b.  Newtonian Science. Moore v. Ashland Chemical, Inc., 126 F.3d 679, 685 (5th Cir. 1997) (“the Daubert Court defined ‘scientific knowledge’ in terms of ‘hard science’ or ‘Newtonian science.’”), cert. denied, 119 S.Ct 1454 (1999), citing Imwinkelried, The Next Step After Daubert, Developing a Similar Epistemological Approach to Ensuring the Reliability of Nonscientific Expert Testimony, 15 Cardozo L. Rev. 2271, 2276-77 (1994).

c.  Technical Expertise — Reliability. United States v. Jones, 107 F.3d 1147, 1156 (6th Cir. 1997) (“It is thus clear that a district court has the duty to decide not only whether [handwriting comparison] evidence is relevant but also whether it is reliable. But this conclusion does not come from the Daubert opinion itself; rather, it comes from the Federal Rules of Evidence.”), cert. denied, 117 S.Ct. 2527 (1977); United States v. Thomas, 74 F.3d 676, 681 (6th Cir.) (police officer) (“[A]lthough ‘Daubert dealt with scientific experts, its language relative to the ‘gatekeeper’ function of federal judges is applicable to all expert testimony offered under Rule 702.’”), cert. denied, 517 U.S. 1162 (1996); Cummins v. Lyle Indus., 93 F.3d 362, 367 n. 2 (7th Cir. 1996) (design engineer); Ventura v. Titan Sports, Inc., 65 F.3d 725, 733 (8th Cir. 1995) (economist), cert. denied, 516 U.S. 1174 (1996); United States v. Alzanki, 54 F.3d 994, 1005-06 (1st Cir. 1995) (victimologist), cert. denied, 516 U.S. 1111 (1966). But see Iacobelli Construction, Inc. v. County of Monroe, 32 F.3d 19, 25 (2d Cir. 1994).

d.  Moore v. Ashland Chemical, Inc., 126 F.3d 679, 686 (5th Cir. 1997), cert. denied, 119 S.Ct. 1454 (1999):

“[T]he requirements that Daubert found to be inherent in Rule 702, viz., that the trial judge must ensure that the expert’s evidence is not only relevant, but reliable, must be applicable to ‘technical, or other specialized knowledge,’ as well as to scientific testimony. Otherwise, Rule 702 would not place limits on the admissibility of non-scientific expert testimony comparable to those it imposes on purportedly scientific evidence.”

“Moreover, the Daubert opinion at several points clearly implies that it is drawing on principles of the Federal Rules that are generally applicable to all types of expert testimony.”

“[U]nder Rule 702, an opinion based on other technical or specialized knowledge, must be grounded in the principles, methods and procedures of the particular field of knowledge involved. Every discipline employs a body of methods, rules, and postulates, i.e., methodology, both in its ordinary functions and in developing and adopting new concepts, techniques, and analogues. Therefore, the ‘knowledge’ of each discipline, under Rule 702, is both its principles and methodology and the theories, techniques or inferences produced through its methodology. Thus, the profferred opinion of any expert in a field of knowledge, in order to be evidentiary reliable, must either be based on the current knowledge, principles and methodology of the expert’s discipline or be soundly inferred or derived therefrom.” Id. at 687.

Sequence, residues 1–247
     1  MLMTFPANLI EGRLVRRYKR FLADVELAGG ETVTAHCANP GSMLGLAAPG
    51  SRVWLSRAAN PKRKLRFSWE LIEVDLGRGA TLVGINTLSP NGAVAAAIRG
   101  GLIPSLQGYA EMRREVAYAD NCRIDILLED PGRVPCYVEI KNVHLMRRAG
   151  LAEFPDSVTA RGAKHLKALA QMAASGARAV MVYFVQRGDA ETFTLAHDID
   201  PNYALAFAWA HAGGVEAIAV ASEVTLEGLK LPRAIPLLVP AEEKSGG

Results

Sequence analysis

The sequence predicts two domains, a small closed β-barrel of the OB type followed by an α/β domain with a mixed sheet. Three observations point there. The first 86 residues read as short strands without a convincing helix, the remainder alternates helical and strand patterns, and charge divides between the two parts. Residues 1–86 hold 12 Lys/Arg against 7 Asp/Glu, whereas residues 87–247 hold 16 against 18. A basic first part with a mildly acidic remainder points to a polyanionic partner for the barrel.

“[T]he hard science techniques or methods that become the ‘Daubert factors’ generally are not appropriate for assessing the evidentiary reliability of a proffer of expert clinical medical testimony.” Id. at 688.

e.  1998 proposed amendment to Rule 702 also attempts to address this issue. This proposal adds the following clause: “provided that (1) the testimony is sufficiently based upon reliable facts or data, (2) the testimony is the product of reliable principles and methods, and (3) the witness has applied the principles and methods reliably to the facts of the case.”)(submitted to the Standing Committee in June, 1998). 181 F.R.D. 144-52 (1999).

f.  Kumho Tire Co. v. Carmichael, 119 S.Ct. 1167 (1999)(civil case—a tire blow-out accident, in which the Supreme Court upheld the trial court’s decision to exclude engineering testimony concerning the cause of the blowout).

i.  “Daubert‘s general holding—setting forth the trial judge’s general ‘gatekeeping’ obligation—applies not only to testimony based on ‘scientific’ knowledge, but also to testimony based on ‘technical’ and ‘other specialized’ knowledge.” 119 S. Ct. at 1171.

ii.  Rationale. Holding based on (1) a textual analysis of Rule 702 and (2) the evidentiary rationale that underlay Daubert, i.e., that the Federal Rules grant experts special latitude unavailable to other witnesses on the assumption that expert testimony has a reliable basis. In addition, “it would prove difficult, if not impossible, for judges to administer evidentiary rules under which a gatekeeping obligation depended upon a distinction between ‘scientific’ knowledge and ‘technical’ or ‘other specialized knowledge.’ There is no clear line that divides the one from the others. Disciplines such as engineering rest upon scientific knowledge. Pure scientific theory itself may depend for its development upon observation and properly engineered machinery. And conceptual efforts to distinguish the two are unlikely to produce clear legal lines capable of application in particular cases.” Id. at 1174.